Written by Heath Foster, Media Analytics Executive
Saltwater crashed over Nick Woodman’s surfboard, the brine soaking his eyes as a water-lace trail extended behind him. Strapped to his wrist with a rubber band, his 35mm film camera was blanketed by the cool sea spray. Mechanically, the shutter clicked, and the roll wound to the following exposure. While the amateur action shots of himself somewhat worked, he wanted more. This moment of trial and innovation off Australia’s coast would revolutionize the camera and action-sports worlds.
Nick Woodman, CEO
One of the more meteoric rises in recent memory, GoPro capitalized on a gap in both the aforementioned industries by developing an affordable, durable camera that captured decent quality images by amateur photographers or videographers. Inherently, the cameras weren’t good to start. They were horrible, especially when compared to the industry standard models. Yet, people didn’t care. They bought into the surfer lifestyle peddled by Woodman, and the concept of owning a personal action-sport camera led sales to skyrocket by 2014.
Consumers were the company’s most valuable marketing asset while exploding into the market. Coinciding perfectly with the rise of YouTube’s popularity, GoPro took advantage of the social media craze by investing heavily in content creation. By paying stuntmen and extreme athletes to showcase their skills on the versatile camera, GoPro inspired the notion that everyday people could be a part of action sports. The result: thousands of hours of free publicity where everyday people post their own videos with #GoPro and #BeAHero. Ultimately, the virality of the cameras derived from non-paid individuals sent the company into orbit.
However, what goes up must come down. After topping $1.5 billion in annual revenues after its 2014 IPO, GoPro began hemorrhaging cash. Despite a successful launch, the drone program, Karma, was killed due to a host of mechanical issues and recalls. Additional unsound investments into virtual reality and the 3D market stripped the company of its foundational core. With yearly camera releases issuing nothing more than lackluster updates, the rising popularity of smartphones diminished the need for these small, portable cameras.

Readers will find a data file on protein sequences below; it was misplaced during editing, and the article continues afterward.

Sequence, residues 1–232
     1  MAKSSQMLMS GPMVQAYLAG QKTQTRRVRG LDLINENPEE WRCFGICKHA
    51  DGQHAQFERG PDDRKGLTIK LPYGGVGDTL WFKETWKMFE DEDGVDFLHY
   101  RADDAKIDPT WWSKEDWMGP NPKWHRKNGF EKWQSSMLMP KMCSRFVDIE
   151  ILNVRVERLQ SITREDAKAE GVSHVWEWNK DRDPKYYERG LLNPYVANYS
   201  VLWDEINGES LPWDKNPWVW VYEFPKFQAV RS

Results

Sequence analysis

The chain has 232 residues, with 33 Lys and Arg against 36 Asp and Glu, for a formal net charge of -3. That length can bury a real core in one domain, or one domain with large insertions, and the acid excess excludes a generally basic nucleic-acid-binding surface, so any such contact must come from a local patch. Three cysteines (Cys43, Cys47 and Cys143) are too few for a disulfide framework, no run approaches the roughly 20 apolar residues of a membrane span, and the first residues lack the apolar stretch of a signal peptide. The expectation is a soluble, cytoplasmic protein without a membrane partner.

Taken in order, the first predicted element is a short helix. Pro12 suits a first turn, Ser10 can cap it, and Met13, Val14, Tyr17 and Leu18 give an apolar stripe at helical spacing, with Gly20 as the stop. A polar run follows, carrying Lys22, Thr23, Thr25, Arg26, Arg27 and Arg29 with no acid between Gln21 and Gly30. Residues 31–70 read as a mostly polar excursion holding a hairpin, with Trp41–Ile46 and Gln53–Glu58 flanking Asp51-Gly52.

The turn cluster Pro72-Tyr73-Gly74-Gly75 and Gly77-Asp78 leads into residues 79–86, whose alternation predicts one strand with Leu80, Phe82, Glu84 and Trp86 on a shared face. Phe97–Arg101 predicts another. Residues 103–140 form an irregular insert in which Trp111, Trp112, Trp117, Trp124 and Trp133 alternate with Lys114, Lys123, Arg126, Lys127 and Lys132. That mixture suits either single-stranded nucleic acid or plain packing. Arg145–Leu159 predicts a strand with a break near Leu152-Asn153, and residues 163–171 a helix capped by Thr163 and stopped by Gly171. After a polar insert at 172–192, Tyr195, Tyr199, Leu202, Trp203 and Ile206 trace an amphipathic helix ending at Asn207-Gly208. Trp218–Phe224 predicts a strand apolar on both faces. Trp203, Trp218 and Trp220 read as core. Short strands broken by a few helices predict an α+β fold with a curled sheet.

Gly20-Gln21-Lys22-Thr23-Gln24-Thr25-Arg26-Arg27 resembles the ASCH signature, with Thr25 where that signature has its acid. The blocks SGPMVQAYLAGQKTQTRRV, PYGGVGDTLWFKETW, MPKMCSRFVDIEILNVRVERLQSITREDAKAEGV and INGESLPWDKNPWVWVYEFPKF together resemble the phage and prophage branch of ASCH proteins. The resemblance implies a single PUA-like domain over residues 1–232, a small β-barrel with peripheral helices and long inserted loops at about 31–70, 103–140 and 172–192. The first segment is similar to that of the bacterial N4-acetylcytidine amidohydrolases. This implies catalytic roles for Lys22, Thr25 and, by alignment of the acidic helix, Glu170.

Sales then dropped off a cliff in the wake of the pandemic. GoPro was no longer a reasonable $400 discretionary holiday gift with most of the world on unstable economic footing. Additionally, the company, reliant on access to the outdoors, struggled mightily with intensive lockdowns, and further travel restrictions left investors running, skating, and hang-gliding away from the company.
Most would have seen GoPro as dead in the water – a one-trick pony that raced the same track for too long. Nick Woodman saw it in a different way. By completely restructuring the business to a direct-to-consumer model, GoPro introduced a subscription package and leaned heavily into promoting its online store. The shift allowed the company to substantially reduce its operating expenses, improve gross margins, and provide a reduced threshold for profitability. Subscribers on the platform have already surpassed two million, a figure which translates into $100 million in annual recurring revenue. GoPro might be limping, but it’s clawing its way back to relevancy.